Managing Indian Trust Assets

This page provides basic information about Indian trust assets. Covered topics include:

What are Indian trust assets?

An Indian Trust Asset is something the Federal government holds in trust for the benefit of a Native American individual or Tribe. In the case of trust lands, this means that an individual or Tribe earns money when companies lease rights to that land and earn income.

How are Indian Trust Assets acquired?

Indian Trust Assets are inherited, gifted, or received as part of a legal settlement.

How does trust land generate money?

Trust land generates money when a person or company pays for the rights to use that land and profit from that use. Uses include:

  • commercial, industrial, recreational, mineral, or agricultural leases
  • grazing and range permits
  • timber sales and permits
  • rights-of-way uses
  • land sales
  • court judgment or settlement awards

How do I get paid?

We transfer money to your account through direct deposit, debit card, or check. Learn more about choosing how to receive your money.

What leases do I have on my land?

We send quarterly statements to all Individual Indian Money account holders. These statements describe what's happening on your land. Please contact us if you don’t receive your statement or have questions about it.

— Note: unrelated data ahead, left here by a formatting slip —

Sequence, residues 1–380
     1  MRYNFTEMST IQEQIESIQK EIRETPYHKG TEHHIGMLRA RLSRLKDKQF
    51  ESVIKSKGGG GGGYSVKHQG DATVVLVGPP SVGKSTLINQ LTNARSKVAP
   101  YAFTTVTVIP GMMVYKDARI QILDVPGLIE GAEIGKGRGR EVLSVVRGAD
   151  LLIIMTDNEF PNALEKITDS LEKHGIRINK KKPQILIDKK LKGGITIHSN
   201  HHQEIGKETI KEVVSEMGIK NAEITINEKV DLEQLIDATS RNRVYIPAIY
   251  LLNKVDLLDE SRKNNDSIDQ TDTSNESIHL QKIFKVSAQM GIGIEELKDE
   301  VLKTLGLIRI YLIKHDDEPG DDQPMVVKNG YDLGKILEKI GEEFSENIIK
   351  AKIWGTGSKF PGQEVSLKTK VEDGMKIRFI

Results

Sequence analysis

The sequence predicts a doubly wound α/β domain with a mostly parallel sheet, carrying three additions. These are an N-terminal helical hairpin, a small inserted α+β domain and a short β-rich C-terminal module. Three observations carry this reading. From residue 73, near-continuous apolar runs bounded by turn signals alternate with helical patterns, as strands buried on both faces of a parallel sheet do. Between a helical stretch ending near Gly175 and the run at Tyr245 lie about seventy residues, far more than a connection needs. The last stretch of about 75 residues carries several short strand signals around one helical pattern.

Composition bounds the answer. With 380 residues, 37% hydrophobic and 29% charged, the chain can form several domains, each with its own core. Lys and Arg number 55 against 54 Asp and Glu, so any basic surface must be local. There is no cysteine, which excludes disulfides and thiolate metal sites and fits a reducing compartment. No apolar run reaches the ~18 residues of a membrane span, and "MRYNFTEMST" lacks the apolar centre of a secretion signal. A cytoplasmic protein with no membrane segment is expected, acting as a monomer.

Trust Assets & Taxes

Income Tax

Most income derived from land held in trust by the U.S. Government is exempt from Federal and state taxation. All interest income, capital gain income, and certain royalties are subject to Federal and state taxes. Read more about income taxes and Individual Indian Money accounts.

Property Tax

Property tax laws vary by state. Most states do not charge property tax on Indian trust land. Check with your state tax agency to see if you need to pay property tax. 

What is fractionated land?

Fractionated land has many owners: sometimes hundreds or even thousands of owners. This happens every time more than one person inherits a land parcel or allotment. For example, an owner dies and their spouse and children then become joint owners. Fractionation increases with each generation. An allotment passed down through many generations may have hundreds or thousands of owners.

What you can do on trust lands

Active Management

You can encourage commercial use of your trust assets by creating a business plan. The Bureau of Indian Affairs must approve all business plans. Contact a regional office to learn more about this process.


You must have a lease agreement to live on or use the land in which you own an interest. Contact your local Tribal government or Bureau of Indian Affairs Realty Office to learn more.

PROTIP: The Native American Direct Loan Program helps Native American veterans get loans to buy, build, or improve homes on trust lands.

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